Even a humble bottle cap can spark desire because of its scarcity. Its price will be high if it is the only one around and perceived to have value. The results of “Helicopter Ben’s” strategy are on display here as well. Though the Federal Reserve may believe that it can make people wealthier by increasing the money supply, Uncle Scrooge knows that increasing the number of bottle caps will diminish their worth.
From Riches to Rags to Riches
Finally, and probably the most famous Uncle Scrooge story in economics circles, we have “A Financial Fable.” Beginning as a bucolic idyll, the story opens with the entire Duck clan working the fields and tending the livestock. The nephews sing the praises of hard work while Donald complains, wanting money for nothing.
Scrooge investigates his new bank, a corn crib, hiding his money in plain sight. This may not have been his brightest idea: a cyclone whips through and takes all of his money, scattering it over the countryside. The nephews are distraught, but Scrooge simply replies, “If I stay here and tend to my beans and pumpkins, I’ll get it all back.”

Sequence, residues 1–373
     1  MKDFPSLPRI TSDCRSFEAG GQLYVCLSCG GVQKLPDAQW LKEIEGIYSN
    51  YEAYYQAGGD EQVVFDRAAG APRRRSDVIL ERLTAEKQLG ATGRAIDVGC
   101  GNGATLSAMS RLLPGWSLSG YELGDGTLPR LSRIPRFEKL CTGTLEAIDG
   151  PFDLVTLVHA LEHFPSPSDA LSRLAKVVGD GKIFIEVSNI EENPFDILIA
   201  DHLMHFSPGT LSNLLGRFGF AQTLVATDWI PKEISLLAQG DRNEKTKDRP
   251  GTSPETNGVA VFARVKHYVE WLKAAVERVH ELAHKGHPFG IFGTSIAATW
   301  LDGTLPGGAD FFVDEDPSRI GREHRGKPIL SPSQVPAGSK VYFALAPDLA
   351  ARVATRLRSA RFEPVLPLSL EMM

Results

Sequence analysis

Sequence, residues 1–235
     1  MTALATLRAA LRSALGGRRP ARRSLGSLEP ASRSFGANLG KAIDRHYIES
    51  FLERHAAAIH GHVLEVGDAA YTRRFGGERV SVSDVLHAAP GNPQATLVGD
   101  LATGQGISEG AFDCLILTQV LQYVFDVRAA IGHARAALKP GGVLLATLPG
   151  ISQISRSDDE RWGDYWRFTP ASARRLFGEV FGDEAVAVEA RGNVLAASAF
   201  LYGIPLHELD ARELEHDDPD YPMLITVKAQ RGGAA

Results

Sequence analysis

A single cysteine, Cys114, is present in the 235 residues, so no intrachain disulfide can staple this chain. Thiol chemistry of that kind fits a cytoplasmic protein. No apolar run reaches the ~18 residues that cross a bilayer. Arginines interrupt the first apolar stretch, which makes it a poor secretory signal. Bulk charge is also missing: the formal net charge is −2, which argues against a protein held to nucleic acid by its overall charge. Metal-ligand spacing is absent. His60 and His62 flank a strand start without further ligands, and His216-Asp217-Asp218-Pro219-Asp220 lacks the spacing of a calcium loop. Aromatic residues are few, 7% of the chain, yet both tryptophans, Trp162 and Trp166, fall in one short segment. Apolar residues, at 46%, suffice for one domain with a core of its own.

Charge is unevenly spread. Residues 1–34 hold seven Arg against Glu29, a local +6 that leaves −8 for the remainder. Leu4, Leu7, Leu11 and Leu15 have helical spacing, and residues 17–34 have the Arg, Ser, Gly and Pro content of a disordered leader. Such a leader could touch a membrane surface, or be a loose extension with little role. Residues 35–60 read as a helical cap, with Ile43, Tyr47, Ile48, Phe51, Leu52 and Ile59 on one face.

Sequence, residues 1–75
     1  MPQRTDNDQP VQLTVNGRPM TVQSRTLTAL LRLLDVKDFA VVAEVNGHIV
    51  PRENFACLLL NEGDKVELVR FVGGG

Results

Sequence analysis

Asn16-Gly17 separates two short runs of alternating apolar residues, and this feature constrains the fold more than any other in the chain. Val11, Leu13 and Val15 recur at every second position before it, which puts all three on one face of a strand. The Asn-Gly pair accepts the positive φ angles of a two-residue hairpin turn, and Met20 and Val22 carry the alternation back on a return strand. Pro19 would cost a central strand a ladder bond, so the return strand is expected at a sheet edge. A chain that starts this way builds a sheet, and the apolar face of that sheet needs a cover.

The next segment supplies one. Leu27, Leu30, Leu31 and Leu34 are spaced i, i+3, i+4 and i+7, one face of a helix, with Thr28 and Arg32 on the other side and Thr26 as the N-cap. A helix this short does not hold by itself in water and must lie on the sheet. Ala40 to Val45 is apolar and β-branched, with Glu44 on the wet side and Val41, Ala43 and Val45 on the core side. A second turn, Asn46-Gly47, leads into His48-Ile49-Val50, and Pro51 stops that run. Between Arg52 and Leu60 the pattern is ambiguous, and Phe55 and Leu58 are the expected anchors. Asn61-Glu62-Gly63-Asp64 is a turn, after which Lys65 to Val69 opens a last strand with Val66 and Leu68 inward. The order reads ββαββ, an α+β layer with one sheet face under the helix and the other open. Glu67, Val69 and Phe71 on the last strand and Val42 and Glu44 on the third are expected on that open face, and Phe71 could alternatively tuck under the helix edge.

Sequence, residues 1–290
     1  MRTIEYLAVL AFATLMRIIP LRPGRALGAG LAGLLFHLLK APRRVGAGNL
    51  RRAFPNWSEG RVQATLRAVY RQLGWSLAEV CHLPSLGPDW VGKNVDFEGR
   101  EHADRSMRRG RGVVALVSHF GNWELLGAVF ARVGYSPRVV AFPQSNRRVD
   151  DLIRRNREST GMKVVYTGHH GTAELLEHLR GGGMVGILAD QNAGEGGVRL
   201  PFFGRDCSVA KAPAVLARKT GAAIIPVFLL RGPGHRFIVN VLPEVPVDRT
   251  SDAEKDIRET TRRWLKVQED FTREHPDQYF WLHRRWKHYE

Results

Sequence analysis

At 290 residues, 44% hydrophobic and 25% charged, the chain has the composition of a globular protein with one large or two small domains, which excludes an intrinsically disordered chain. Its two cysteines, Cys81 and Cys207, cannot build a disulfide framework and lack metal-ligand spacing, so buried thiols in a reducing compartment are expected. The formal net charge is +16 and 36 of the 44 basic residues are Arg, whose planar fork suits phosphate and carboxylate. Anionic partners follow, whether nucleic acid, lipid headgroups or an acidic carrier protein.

Donald and the rest of the country quit their jobs and set off to “see the world.” Meanwhile, Scrooge and the boys continue to labor on their farm. With no one else working and nothing being produced, Donald and the rest of the world come straggling back. Scrooge is happy to feed them — at new market prices. Eggs are a million dollars apiece, cabbage is two million, and ham is a bargain at a cool trillion. With each purchase, the money from Scrooge’s corn crib trickles back and he becomes, yet again, the richest duck in the world.
With another “helicopter” scenario, we see the inflationary effects of a massive injection of money. We also get a glimpse into many aspects of wealth — how it is created, how it is maintained, and what happens when we redistribute in ways that are not related to market performance. Barks knew he was creating a morality tale of capitalism, admitting, “I’m sure the lesson I preached in this story of easy riches will get me in a cell in a Siberian gulag someday.”
Economics is all around us — even in our comic books.
Now cable channel Disney XD has announced plans to relaunch Duck Tales in 2017. As long as the show sticks to the characters and stories inspired by the great Carl Barks, it will offer us plenty to enjoy — and economics lessons that are sure to fit the bill.